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Caution urged on property syndication investments

PROPERTY players have warned that the rapid growth in property syndication is attracting fringe players looking to capitalise on the strength of the market.

There are concerns that investors are being hawked risky offers in a heated market. This has raised the potential for parallels to be drawn with the recent finance brokers scandal and the liquidity issues of the property trust market a decade ago.

The issue coincides with a growing focus on the retirement market, as this burgeoning sector seeks stable investments that can achieve strong returns.

However, the industry has played down the immediate risks because of the increasing sophistication of investors and the tougher regulations surrounding modern property investment structures.

Glenmont Properties managing director Simon Toovey said after more than four years in the

industry developing a $177

million portfolio his company

was increasingly seeing offers which caused him concern.

“What makes me nervous is the second-tier syndicators that are buying properties that have already been rejected by people like us.”

The ‘second-tier’ syndicators to which Mr Toovey is referring are securing properties of a lesser quality, often packaging them up with a couple of high profile quality properties.

“There is a temptation for these operators to put a multiple property fund together with more than one property in the prospectus,” Mr Toovey said.

“They have one or two stars, one or two average properties and one or two dogs.”

However, Mr Toovey said it was not all bad and that quality products were recognised.

“If you look at the sector, people are looking for track record,” Mr Toovey said.

“People are disinclined to trust the new kid on the block.”

Property Investment Research managing director Richard Cruick-shank said investors needed to remember that higher returns inevitably mean bigger risks.

“A redundancy factor must be built into a high yield,” Mr Cruickshank said.

“There are a few syndicators that are under-performing.

“I think the outlook for synd-ications is generally fair.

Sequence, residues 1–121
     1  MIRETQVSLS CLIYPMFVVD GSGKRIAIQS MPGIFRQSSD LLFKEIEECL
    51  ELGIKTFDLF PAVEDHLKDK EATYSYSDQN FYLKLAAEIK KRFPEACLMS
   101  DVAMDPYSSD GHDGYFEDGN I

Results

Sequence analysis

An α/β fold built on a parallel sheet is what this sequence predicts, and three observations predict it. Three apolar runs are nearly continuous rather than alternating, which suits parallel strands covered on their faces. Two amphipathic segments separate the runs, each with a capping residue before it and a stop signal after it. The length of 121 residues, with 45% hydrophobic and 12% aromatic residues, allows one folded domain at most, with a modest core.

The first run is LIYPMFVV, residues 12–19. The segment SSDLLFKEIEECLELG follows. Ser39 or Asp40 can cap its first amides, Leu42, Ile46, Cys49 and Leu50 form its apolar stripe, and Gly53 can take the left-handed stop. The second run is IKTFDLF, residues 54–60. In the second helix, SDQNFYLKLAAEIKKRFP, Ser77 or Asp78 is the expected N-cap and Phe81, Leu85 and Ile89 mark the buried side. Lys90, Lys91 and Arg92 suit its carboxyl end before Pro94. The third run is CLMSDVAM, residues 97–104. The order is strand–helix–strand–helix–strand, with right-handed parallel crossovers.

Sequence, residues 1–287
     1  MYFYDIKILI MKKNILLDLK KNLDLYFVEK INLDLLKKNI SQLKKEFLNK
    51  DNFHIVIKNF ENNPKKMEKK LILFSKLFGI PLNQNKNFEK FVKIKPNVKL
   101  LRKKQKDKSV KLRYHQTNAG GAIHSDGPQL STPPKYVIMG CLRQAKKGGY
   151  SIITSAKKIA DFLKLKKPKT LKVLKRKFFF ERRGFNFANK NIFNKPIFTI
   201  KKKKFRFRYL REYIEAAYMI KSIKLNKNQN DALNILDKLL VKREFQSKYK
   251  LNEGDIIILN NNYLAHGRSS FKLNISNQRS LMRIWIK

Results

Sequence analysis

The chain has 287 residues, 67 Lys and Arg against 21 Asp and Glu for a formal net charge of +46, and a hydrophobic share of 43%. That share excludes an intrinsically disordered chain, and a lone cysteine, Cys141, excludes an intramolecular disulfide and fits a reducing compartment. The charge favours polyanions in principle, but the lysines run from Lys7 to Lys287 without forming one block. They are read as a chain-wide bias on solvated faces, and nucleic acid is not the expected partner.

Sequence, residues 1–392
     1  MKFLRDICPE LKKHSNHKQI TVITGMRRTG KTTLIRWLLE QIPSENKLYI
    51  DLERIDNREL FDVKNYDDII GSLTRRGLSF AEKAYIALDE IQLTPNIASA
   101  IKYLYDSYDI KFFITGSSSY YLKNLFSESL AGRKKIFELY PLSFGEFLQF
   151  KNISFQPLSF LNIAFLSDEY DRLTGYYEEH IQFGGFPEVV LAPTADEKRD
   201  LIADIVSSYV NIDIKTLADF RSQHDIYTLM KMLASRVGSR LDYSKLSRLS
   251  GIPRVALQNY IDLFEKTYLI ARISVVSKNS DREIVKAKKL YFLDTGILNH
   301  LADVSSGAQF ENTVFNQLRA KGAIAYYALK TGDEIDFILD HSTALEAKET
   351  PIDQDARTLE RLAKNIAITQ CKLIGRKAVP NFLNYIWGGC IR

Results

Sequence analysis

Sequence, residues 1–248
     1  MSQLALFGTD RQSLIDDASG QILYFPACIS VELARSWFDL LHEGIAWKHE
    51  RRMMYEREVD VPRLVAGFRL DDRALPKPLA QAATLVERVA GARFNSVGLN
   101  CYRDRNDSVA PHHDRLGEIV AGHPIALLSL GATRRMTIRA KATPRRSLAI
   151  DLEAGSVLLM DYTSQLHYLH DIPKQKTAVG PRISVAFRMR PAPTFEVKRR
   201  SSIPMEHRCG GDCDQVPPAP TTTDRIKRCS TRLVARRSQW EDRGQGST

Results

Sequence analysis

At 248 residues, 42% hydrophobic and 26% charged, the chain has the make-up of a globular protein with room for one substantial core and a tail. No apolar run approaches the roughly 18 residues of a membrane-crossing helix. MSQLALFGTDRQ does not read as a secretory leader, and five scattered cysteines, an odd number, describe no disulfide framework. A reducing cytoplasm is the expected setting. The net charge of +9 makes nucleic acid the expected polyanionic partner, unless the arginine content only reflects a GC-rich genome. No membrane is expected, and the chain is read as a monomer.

“And it’s not like the unlisted funds, which ran into liquidity problems when the investors wanted their money back.”

In the early 1990s, panicked investors, in part, drove the sus-pension of many unit property trusts as rising interest rates killed off an overheated property market.

An investment in a syndicated property is a long-term investment and with only the small Australian Exempt Market on which to trade units, it can be difficult for investors to get out of a scheme.

The Australian Securities & Investment Commission called for comments on an application for the Australian Property Exchange (APX) to be approved as a stock exchange earlier this year.

If the APX is approved it will provide another avenue for investors to trade their syndicate investment and improve the liquidity profile of this type of investment.

“People go on and on about liquidity, but most of the investors are in their late 40s, 50s and beyond,” Mr Cruickshank said.

Australian Direct Property Investment Association president Greg McMahon said there were several different syndications that offered withdrawal rights.

“Like every investment there are going to be ones that work out well and ones that don’t,” he said.

“It just depends on the risk profile of the individual project.”

With interest rates on the rise and a burgeoning market, investors need to undertake careful research ahead of making any commitment.

“I suppose like any investment you’ve got to look at the particular property,” Bryant Church certified practising accountants partner Geof Church said.

“And if it’s leased out you’ve got to look at the nature of the lease and the strength of the tenant.

“You also need to know how you get out, which is what I call the escape clause.”

For the successful operators in the market the only insurance policy when the poorly managed schemes get into trouble will be their track record in this market.

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